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The Monymusk reliquary dates from c.700AD and is one of the most precious objects in the National Museums Scotland collection.

The Monymusk reliquary dates from c.700AD and is one of the most precious objects in the National Museums Scotland collection.

Made in Scotland or Ireland toward the end of the eighth century, the original purpose of Ranvaik’s chest had been to house the bones of a Christian saint. (Photo: National Museum of Denmark)

Made in Scotland or Ireland toward the end of the eighth century, the original purpose of Ranvaik’s chest had been to house the bones of a Christian saint. (Photo: National Museum of Denmark)

Monymusk reliquary

Monymusk reliquary

Comb  Celtic (Scotland), 0-200 AD  The National Museum of Scotland

Comb Celtic (Scotland), 0-200 AD The National Museum of Scotland

A photograph of a cross

A photograph of a cross

Balmaclellan mirror - National Museums Scotland’s mirror was discovered at Balmaclellan in Kirkcudbrightshire, south-west Scotland.

Balmaclellan mirror - National Museums Scotland’s mirror was discovered at Balmaclellan in Kirkcudbrightshire, south-west Scotland.

Tara Brooch - detail

Tara Brooch - detail

Breac Maodhog Shrine, Drumlane, County Cavan, Viking Age, 11th/12th century (bronze) Title: Celtic  National Museum of Ireland, Dublin, Ireland bronze Medium: house-shaped shrine; plaques with clerics and other ecclesiastical figures; Early Irish Art; Description: Metalwork (incl. Silver and Gold)

Breac Maodhog Shrine, Drumlane, County Cavan, Viking Age, 11th/12th century (bronze) Title: Celtic National Museum of Ireland, Dublin, Ireland bronze Medium: house-shaped shrine; plaques with clerics and other ecclesiastical figures; Early Irish Art; Description: Metalwork (incl. Silver and Gold)

Pict with Drinking Horn    This 9th century warrior of the Pictish tribe drinks from an eagle, the ancient symbol of power.  From Invergowrie, Scotland and now in the Museum of Scotland, it is an unusually droll carving, certainly a caricature, perhaps in the category of the Scandinavian insult stones, which were carved as an artistic and bloodless "thumbing of the nose" to a perceived insult.  It is the earliest artistic rendering of drinking on Scottish stones.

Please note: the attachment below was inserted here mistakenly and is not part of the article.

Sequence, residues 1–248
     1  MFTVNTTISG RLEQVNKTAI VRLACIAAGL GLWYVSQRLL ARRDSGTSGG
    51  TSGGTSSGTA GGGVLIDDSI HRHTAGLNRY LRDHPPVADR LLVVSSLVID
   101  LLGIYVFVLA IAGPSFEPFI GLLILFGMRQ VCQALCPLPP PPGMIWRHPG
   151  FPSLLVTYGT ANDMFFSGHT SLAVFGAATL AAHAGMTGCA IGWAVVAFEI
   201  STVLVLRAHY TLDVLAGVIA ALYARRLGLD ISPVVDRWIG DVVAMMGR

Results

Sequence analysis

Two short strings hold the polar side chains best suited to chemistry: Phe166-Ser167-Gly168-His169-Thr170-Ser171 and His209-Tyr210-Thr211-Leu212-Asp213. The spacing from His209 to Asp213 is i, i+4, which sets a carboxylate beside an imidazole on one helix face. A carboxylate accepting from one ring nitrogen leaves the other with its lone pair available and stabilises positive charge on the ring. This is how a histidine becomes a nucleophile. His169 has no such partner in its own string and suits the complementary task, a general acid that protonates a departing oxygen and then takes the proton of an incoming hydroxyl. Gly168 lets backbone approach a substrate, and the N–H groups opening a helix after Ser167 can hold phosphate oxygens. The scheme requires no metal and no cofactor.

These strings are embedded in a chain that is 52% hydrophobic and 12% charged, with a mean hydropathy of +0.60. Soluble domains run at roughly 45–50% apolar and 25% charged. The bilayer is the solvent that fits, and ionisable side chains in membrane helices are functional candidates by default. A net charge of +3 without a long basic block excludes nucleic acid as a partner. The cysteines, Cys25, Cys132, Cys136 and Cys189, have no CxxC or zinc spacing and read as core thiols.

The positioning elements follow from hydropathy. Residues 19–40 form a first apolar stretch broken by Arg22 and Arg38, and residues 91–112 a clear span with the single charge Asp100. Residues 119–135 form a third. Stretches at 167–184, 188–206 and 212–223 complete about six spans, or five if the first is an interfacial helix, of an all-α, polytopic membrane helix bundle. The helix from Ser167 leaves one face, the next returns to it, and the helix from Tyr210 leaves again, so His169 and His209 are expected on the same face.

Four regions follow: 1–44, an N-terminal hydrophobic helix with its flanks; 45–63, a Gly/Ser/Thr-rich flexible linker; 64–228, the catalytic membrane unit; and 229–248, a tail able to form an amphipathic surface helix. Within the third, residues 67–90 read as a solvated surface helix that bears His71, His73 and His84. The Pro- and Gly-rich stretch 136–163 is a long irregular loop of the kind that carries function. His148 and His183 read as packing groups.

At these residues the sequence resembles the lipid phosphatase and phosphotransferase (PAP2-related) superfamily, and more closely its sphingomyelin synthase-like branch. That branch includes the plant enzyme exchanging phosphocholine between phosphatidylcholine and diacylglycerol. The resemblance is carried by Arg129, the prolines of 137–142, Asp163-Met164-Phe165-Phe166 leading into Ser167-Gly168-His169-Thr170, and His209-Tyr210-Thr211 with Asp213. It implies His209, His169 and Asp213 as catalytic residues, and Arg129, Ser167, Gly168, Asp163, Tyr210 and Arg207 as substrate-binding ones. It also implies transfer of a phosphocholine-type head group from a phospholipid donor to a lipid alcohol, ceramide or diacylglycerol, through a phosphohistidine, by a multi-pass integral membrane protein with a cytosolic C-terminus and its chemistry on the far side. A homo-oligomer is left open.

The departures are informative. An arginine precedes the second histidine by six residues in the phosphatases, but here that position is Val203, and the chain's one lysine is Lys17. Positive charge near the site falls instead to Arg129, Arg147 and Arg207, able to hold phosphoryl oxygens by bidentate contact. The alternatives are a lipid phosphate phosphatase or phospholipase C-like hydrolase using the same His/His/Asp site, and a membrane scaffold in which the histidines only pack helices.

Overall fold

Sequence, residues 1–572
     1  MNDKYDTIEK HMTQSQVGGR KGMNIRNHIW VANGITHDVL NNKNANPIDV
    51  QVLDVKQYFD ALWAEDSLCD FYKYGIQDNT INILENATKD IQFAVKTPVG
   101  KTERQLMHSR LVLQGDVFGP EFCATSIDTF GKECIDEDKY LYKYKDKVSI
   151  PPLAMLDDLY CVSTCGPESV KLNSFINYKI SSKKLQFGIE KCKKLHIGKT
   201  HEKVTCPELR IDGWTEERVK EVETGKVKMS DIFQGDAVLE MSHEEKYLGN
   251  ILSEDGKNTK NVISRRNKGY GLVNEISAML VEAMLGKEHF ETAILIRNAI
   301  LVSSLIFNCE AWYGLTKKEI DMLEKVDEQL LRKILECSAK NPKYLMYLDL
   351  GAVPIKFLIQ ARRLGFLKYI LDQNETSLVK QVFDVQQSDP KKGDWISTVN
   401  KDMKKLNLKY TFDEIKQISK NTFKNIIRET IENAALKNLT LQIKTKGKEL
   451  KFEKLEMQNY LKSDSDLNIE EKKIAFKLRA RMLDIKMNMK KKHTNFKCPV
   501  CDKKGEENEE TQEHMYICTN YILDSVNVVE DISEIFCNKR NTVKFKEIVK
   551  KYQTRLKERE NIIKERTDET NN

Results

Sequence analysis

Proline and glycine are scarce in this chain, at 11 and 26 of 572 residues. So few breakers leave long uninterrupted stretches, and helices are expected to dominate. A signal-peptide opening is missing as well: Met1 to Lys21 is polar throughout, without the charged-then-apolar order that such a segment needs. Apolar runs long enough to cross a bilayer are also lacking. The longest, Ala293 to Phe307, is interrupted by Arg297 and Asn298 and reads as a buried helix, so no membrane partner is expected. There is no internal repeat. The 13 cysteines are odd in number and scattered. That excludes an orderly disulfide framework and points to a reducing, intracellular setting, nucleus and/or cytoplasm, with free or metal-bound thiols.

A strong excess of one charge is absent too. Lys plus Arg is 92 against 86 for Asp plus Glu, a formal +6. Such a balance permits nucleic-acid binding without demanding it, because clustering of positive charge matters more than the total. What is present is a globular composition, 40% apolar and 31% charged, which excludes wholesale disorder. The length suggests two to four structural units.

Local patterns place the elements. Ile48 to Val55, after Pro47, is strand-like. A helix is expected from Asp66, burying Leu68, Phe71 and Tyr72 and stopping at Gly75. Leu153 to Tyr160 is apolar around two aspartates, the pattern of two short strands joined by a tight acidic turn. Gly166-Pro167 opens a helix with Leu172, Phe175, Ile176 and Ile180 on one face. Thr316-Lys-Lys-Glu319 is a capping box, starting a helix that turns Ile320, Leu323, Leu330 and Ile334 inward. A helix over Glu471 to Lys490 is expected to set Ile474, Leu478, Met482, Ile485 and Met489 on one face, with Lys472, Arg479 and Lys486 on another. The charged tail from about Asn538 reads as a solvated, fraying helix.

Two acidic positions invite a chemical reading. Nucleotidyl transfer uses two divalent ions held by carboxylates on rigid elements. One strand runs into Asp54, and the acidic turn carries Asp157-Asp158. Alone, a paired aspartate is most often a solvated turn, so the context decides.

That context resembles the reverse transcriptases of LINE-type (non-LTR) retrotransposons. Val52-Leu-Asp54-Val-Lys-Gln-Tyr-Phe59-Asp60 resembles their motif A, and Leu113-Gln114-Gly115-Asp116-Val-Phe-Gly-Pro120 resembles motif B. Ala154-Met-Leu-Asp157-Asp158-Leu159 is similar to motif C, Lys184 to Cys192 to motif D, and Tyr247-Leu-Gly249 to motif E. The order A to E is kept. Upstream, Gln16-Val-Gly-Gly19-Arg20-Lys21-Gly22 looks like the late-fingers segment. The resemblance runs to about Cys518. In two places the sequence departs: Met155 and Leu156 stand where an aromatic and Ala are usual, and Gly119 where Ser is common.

Pict with Drinking Horn This 9th century warrior of the Pictish tribe drinks from an eagle, the ancient symbol of power. From Invergowrie, Scotland and now in the Museum of Scotland, it is an unusually droll carving, certainly a caricature, perhaps in the category of the Scandinavian insult stones, which were carved as an artistic and bloodless "thumbing of the nose" to a perceived insult. It is the earliest artistic rendering of drinking on Scottish stones.

A chieftain's penannular brooch (worn by both men and women) from ancient Celtic societies until today. This one can be found in Glasgow's Kelvingrove Museum.

A chieftain's penannular brooch (worn by both men and women) from ancient Celtic societies until today. This one can be found in Glasgow's Kelvingrove Museum.

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